Ski jumpers suing VANOC to push for women's event at 2010 Games
VANCOUVER — An international group of women ski jumpers says years of discrimination against their sport must come to an end by the 2010 Winter Games, not just for them but for the next generation of jumpers.
A former Canadian jumper belongs to the group that has filed a lawsuit to push the point, but the body that oversees ski jumping in Canada says the courts aren't the way to make that happen.
Marie-Pierre Morin, a retired Canadian jumper, joined two current American jumpers and another retired athlete Thursday to speak passionately about why the nine women have filed a lawsuit against the organizing committee for the 2010 Olympics.
They say the exclusion of their sport from the roster violates their rights under the Canadian Charter of Rights and Freedoms.
"Little girls I'm working with don't understand why they can't grow up to be in the Olympics," said Karla Keck, the retired American ski jumper who said she left the sport because she ran out of competitive opportunities.
"I don't believe they should be asking this question in this day and age."
One after another, the women detailed stories of living on shoestring budgets in their parents' homes, working and going to school, all while training in the hopes of one day competing at the Olympics.
Morin said a lack of funding forced her to abandon the hope of training in Canada and move to the U.S., where she completed high school by correspondence.
"I had to get a dual citizenship and unfortunately not represent Canada anymore in my last year which is what made me decide to leave the sport," she said.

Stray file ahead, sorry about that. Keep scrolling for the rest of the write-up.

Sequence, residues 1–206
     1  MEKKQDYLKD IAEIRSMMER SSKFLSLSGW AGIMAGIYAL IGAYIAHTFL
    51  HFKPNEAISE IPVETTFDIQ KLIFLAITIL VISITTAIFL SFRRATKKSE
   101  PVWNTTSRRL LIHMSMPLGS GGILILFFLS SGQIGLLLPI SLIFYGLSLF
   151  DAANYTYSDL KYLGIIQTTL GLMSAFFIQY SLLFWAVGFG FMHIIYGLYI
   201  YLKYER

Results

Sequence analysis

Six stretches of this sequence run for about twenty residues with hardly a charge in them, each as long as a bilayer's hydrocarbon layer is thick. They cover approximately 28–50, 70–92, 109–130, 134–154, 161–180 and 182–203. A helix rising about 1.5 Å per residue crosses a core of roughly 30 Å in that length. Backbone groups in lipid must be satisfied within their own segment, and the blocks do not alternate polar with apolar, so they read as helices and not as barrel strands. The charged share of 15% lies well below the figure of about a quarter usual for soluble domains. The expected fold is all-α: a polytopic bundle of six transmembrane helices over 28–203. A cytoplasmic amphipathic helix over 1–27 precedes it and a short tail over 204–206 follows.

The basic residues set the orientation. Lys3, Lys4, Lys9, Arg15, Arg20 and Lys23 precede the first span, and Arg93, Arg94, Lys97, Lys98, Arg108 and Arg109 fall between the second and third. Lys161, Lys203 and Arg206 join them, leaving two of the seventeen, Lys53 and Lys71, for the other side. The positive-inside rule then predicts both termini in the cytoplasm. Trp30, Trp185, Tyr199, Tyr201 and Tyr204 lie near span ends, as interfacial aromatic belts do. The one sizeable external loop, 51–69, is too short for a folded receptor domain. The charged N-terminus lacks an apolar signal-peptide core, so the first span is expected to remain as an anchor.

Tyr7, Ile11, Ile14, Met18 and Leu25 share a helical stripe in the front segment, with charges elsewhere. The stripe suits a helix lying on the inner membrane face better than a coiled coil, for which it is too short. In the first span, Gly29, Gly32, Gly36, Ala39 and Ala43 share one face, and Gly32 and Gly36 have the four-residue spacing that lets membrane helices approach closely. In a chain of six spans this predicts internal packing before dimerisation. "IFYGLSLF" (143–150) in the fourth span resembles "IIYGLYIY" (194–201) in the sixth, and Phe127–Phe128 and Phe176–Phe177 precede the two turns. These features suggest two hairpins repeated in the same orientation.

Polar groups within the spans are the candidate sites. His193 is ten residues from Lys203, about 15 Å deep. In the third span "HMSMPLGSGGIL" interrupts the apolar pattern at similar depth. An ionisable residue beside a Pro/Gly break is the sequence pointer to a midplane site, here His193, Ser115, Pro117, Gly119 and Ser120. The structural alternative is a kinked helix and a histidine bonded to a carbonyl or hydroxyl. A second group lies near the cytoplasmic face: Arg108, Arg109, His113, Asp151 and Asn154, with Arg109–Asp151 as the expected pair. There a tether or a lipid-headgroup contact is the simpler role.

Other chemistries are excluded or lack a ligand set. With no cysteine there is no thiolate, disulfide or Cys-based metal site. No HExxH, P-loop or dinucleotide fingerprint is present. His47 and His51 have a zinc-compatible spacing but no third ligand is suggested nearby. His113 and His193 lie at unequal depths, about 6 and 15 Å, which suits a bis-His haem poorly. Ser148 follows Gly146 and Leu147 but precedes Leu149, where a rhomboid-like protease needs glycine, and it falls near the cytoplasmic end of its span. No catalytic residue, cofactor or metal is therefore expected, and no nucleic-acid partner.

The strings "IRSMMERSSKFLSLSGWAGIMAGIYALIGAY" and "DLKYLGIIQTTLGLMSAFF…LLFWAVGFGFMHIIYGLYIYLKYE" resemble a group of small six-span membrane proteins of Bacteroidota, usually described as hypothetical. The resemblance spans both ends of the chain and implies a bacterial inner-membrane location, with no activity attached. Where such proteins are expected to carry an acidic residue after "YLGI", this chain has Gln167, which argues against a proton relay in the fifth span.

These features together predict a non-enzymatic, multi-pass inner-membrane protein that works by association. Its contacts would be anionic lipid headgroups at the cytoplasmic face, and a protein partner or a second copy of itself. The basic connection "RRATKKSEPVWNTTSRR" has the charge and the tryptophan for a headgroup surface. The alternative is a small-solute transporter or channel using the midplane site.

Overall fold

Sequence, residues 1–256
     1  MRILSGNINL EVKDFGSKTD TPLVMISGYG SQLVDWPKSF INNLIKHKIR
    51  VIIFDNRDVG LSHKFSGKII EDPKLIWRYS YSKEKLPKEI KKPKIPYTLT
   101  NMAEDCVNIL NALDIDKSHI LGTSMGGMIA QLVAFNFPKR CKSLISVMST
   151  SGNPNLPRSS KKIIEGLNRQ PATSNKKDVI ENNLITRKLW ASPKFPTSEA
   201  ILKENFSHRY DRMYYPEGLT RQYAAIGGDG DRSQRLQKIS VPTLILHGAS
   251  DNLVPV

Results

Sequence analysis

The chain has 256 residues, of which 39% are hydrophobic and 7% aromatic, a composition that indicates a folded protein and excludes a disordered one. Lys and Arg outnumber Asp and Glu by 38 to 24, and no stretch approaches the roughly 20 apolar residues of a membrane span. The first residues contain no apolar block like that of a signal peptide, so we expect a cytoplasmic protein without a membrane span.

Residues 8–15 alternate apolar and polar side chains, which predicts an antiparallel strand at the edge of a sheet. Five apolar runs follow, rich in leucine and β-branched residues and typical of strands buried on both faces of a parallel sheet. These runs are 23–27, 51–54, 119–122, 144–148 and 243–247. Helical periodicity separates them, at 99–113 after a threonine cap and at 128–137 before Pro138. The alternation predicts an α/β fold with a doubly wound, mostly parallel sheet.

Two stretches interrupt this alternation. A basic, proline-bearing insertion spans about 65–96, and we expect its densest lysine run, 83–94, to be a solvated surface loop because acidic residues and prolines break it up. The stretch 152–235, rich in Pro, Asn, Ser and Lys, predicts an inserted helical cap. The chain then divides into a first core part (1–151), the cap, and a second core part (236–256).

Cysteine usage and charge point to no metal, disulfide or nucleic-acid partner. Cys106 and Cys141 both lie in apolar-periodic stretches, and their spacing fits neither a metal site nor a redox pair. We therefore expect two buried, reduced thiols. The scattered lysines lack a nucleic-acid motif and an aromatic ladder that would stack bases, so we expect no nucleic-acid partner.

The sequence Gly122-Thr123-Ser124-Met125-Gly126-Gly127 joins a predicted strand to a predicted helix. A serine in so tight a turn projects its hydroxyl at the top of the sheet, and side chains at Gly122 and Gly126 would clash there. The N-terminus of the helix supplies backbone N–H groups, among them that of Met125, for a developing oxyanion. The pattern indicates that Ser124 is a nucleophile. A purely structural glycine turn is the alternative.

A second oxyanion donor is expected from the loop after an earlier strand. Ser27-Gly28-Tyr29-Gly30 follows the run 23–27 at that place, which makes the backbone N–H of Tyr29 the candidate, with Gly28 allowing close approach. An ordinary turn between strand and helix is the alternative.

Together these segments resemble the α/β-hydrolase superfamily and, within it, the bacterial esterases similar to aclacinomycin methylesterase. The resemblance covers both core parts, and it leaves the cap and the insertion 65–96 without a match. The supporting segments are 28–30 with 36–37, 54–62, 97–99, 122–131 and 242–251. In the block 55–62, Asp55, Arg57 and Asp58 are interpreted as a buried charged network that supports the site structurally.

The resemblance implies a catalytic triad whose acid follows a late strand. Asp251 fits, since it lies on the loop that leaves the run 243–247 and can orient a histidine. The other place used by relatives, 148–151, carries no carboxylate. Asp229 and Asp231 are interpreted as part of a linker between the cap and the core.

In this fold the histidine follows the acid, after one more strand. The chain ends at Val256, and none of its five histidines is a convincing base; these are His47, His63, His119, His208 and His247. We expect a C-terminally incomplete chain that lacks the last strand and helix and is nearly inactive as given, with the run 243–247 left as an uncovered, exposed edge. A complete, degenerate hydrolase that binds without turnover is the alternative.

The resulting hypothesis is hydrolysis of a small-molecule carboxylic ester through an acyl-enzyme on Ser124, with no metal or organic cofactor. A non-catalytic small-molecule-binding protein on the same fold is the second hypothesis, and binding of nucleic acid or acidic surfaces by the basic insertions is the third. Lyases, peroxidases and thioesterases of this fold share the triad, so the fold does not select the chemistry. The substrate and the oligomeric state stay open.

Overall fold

While other girls had fancy team jackets proudly declaring their national allegiance, Morin's was simply blank.
Though the suit was filed against Vancouver's Olympic organizing committee, known as VANOC, it's not the committee that actually decides which sports are included in the Games.
"We recognize that efforts are continuing by some to raise the profile and awareness of the issue, however, neither the facts nor our position have changed - it is not our decision to make," Cathy Preistner Allinger, executive vice-president of sports and Games operations for the committee, said in an e-mail statement on Thursday.
"The final decision lies with the IOC (International Olympic Committee), and we respect and accept the IOC's decision regarding women's ski jumping."
VANOC has 30 days to respond to the group's statement of claim.
The IOC voted in 2006 not to allow women's ski jumping into the 2010 Games, saying the sport has not yet developed enough and that it didn't meet basic criteria for inclusion.
But the lawyer for the nine women said he doesn't care who makes the rules. He said when the Games are being held in Canada, the organization putting them on is responsible for following the laws of the land.
"What VANOC did or didn't do to get to this position isn't my concern," said Ross Clark, who is handling the case pro bono.
"The situation we are dealing with right now is that women are not allowed to compete in jumping. And we say that is based on gender discrimination and you can't do that."
Clark said he hopes the case can be before a judge in the fall and a prompt decision will follow.
The lawsuit is the second action to be launched in Canada trying to force the inclusion of women's ski jumping at the 2010 Games.
Canadian jumpers filed a complaint with the Human Rights Commission last year also arguing that the exclusion of the sport was discriminatory, but a settlement was reached that included a promise the federal government would attempt to lobby the IOC to include the sport.